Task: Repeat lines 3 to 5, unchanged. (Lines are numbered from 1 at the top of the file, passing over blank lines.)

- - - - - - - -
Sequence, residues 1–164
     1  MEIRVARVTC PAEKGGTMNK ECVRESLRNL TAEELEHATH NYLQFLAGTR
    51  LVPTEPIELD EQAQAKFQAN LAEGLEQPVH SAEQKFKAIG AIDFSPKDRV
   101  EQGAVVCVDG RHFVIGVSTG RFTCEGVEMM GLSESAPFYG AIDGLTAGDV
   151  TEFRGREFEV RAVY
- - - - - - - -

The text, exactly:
    51  LVPTEPIELD EQAQAKFQAN LAEGLEQPVH SAEQKFKAIG AIDFSPKDRV
   101  EQGAVVCVDG RHFVIGVSTG RFTCEGVEMM GLSESAPFYG AIDGLTAGDV
   151  TEFRGREFEV RAVY